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Insights into Top Paper Nominee, “MobileNeRF: Exploiting the Polygon Rasterization Pipeline for Efficient Neural Field Rendering on Mobile Architectures"

A Q&A with the Authors

Zhiqin Chen, Thomas Funkhouser, Peter Hedman, Andrea Tagliasacch

Paper Presentation: Tuesday, 20 June, 3:30 p.m. PDT, East Exhibit Halls A-B

For CVPR 2023 paper, “MobileNeRF: Exploiting the Polygon Rasterization Pipeline for Efficient Neural Field Rendering on Mobile Architectures,” the authors deliver results in the rendering pipeline that make it 10 times faster than SNeRG with the same output quality. In addition, it can run on mobile phones and other devices previously unable to support NeRF visualization. The CVPR PR team conducted a Q&A interview with the research team to find out more.  

CVPR: Will you please share a little more about your work and results? How is it different than the standard approaches to date? How did your model outperform other options? What was the key factor in these results?

The key idea of our approach is to leverage the existing highly optimized polygon rasterization pipeline in modern GPUs, instead of performing volumetric rendering, to make viewing and interacting with NeRF scenes possible on a wide range of mobile devices.

Classic NeRF methods need to evaluate a large MLP at hundreds of sample points along the ray for each pixel, resulting in slow rendering speed. Recent work such as SNeRG [1] addresses this issue by baking NeRF into a sparse 3D voxel grid, thus eliminating the need for MLP evaluations. However, SNeRG does not fully exploit the parallelism available in GPUs as it still relies on ray marching. Furthermore, it requires a significant amount of GPU memory to store volumetric textures, making it infeasible to run on mobile phones.

In our method, MobileNeRF, we represent NeRF models as textured polygon meshes. The polygons in the mesh provide a coarse approximation of the scene's surface, and we rely on the opacity and feature vectors stored in the texture images to represent geometric details and view-dependent colors, respectively. During rendering, we utilize the classic polygon rasterization pipeline with Z-buffering to produce a feature vector for each pixel, and then pass it to a lightweight MLP running in a GLSL fragment shader to produce the view-dependent output color. Our rendering pipeline takes full advantage of the parallelism provided by modern GPUs, and thus is 10 times faster than SNeRG with the same output quality. It can run on mobile phones and other devices previously unable to support NeRF visualization, as virtually all GPUs support rendering polygons. The explicit mesh representation of our method also enables real-time editing and manipulation of NeRF scenes.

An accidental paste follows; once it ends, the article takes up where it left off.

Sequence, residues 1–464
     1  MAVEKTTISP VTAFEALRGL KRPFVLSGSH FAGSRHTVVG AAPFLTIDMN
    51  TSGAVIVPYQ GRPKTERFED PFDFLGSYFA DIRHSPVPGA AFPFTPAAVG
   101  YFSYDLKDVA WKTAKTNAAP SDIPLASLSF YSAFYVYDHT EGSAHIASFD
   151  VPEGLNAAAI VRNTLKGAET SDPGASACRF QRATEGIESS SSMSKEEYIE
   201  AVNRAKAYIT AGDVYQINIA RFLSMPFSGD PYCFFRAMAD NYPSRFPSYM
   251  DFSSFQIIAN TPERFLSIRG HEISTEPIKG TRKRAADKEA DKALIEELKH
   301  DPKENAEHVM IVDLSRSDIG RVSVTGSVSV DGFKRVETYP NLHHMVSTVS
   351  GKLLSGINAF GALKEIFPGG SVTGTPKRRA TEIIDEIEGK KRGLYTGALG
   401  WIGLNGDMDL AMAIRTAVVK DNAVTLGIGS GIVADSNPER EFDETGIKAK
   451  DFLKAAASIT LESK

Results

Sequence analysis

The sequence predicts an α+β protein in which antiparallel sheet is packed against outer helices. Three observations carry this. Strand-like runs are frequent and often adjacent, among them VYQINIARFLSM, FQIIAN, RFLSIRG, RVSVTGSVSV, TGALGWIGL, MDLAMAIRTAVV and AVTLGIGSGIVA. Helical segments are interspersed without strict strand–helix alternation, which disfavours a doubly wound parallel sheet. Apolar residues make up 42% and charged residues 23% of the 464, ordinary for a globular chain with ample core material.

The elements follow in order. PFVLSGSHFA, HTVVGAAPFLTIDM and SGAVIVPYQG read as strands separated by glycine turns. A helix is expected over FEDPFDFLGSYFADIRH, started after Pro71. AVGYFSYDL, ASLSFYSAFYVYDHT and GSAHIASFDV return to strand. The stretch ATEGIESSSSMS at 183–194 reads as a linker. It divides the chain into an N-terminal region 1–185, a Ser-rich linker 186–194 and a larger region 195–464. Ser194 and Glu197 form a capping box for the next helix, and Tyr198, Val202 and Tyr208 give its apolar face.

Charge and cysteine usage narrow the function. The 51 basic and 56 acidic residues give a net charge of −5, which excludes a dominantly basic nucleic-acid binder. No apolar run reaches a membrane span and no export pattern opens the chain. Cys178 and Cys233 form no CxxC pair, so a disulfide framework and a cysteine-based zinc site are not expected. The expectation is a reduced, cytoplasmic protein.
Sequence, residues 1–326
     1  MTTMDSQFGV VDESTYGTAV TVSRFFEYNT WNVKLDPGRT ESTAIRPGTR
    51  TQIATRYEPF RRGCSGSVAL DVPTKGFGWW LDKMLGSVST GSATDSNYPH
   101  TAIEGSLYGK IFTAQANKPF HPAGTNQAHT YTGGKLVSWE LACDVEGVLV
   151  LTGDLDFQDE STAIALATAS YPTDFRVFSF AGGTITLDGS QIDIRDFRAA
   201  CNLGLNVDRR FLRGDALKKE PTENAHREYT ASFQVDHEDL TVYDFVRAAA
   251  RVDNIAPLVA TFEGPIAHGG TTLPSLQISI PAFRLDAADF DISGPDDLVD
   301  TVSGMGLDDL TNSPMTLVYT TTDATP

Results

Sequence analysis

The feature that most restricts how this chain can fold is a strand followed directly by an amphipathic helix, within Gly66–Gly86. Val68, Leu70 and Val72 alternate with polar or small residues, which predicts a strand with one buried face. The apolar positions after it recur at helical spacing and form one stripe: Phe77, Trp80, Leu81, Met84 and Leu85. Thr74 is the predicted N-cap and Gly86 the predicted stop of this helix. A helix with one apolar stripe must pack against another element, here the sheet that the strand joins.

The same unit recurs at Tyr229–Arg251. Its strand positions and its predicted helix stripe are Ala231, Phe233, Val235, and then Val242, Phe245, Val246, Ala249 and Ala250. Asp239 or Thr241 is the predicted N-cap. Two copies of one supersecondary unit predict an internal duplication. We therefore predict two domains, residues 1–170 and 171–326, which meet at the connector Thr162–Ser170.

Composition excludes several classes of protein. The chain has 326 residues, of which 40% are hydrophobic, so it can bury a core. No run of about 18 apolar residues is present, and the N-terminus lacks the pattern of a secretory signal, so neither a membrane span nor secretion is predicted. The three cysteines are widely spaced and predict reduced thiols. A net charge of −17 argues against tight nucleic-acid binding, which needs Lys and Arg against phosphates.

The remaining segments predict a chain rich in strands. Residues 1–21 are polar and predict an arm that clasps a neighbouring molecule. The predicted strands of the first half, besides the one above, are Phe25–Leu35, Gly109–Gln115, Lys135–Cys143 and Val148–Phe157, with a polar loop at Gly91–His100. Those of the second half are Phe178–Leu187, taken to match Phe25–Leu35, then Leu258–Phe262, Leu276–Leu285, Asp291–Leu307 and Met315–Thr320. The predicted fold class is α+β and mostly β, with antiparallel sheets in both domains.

CVPR: So, what’s next? What do you see as the future of your research?  

An important next step is to improve the training speed of our method to enhance its efficiency. Our current implementation is slow to train since we adopt NeRF’s MLP backbone to produce the opacity and feature vector for every point on the mesh. Therefore, incorporating fast-training architectures such as Instant-NGP [2] into our work could substantially accelerate the training process.

Furthermore, it is worthwhile to explore techniques that represent the scene as a combination of manifold meshes and polygon soups depending on the characteristics of the reconstructed objects. It would also be valuable to investigate approaches for separating the geometry and materials, to enable seamless integration of the reconstructed meshes into real-world applications.

Lastly, it is important to note that MobileNeRF uses binary opacity in mesh textures to avoid sorting polygons. Consequently, it is not capable of modeling scenes with semi-transparencies. We look forward to finding an elegant solution for handling semi-transparent objects in the future.

CVPR: What more would you like to add?

The advancement of rendering NeRF on common devices is progressing rapidly, and there has already been numerous follow-ups of our MobileNeRF. For instance, BakedSDF [3] and NeRF2Mesh [4] have emerged as methods capable of reconstructing higher-quality manifold meshes. Other researchers have also explored optimizing NeRF's volumetric rendering for mobile devices [5], as well as real-time neural light field [6].

Moreover, our work has received considerable attention on Twitter, attracting some enthusiastic people who have successfully integrated our approach into various applications and platforms, including AR, VR, Unity, and Unreal. These exciting developments hold great promise, and we are thrilled to see the future advancements in this field.

Annually, CVPR recognizes top research in the field through its prestigious “Best Paper Awards.” This year, from more than 9,000 paper submissions, the CVPR 2023 Paper Awards Committee selected 12 candidates for the coveted honor of Best Paper. Join us for the Award Session on Wednesday, 21 June at 8:30 a.m. to find out which nominees take home the distinction of “Best Paper” at CVPR 2023.


[1] Hedman et al, Baking Neural Radiance Fields for Real-Time View Synthesis. In ICCV 2021.

[2] Muller et al, Instant Neural Graphics Primitives with a Multiresolution Hash Encoding. In SIGGRAPH 2022.

[3] Yariv et al, BakedSDF: Meshing Neural SDFs for Real-Time View Synthesis. In SIGGRAPH 2023.

[4] Tang et al, Delicate Textured Mesh Recovery from NeRF via Adaptive Surface Refinement. In arXiv 2023.

[5] Reiser et al, MERF: Memory-Efficient Radiance Fields for Real-time View Synthesis in Unbounded Scenes. In SIGGRAPH 2023.

[6] Cao et al, Real-Time Neural Light Field on Mobile Devices. In CVPR 2023.